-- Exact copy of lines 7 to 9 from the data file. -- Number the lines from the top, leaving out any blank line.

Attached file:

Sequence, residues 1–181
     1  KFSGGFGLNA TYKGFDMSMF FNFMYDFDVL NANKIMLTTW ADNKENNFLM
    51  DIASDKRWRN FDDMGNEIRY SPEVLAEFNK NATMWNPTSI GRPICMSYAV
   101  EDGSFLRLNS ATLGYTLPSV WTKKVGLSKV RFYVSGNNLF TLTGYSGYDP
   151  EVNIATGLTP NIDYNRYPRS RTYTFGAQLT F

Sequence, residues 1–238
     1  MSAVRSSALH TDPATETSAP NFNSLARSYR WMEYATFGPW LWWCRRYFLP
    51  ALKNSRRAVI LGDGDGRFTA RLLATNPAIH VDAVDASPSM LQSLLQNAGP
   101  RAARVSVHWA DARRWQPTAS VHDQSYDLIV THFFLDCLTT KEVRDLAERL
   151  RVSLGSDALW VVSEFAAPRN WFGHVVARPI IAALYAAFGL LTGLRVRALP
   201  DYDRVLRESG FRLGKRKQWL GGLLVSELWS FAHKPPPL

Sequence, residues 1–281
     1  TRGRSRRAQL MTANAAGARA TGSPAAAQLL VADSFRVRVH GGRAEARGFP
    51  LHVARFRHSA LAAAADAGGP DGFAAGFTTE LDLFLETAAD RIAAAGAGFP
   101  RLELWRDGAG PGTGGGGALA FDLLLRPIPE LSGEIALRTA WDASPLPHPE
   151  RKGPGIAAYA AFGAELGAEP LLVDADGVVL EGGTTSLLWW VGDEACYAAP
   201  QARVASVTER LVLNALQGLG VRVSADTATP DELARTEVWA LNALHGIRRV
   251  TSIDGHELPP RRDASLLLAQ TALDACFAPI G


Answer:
     1  MSAVRSSALH TDPATETSAP NFNSLARSYR WMEYATFGPW LWWCRRYFLP
    51  ALKNSRRAVI LGDGDGRFTA RLLATNPAIH VDAVDASPSM LQSLLQNAGP
   101  RAARVSVHWA DARRWQPTAS VHDQSYDLIV THFFLDCLTT KEVRDLAERL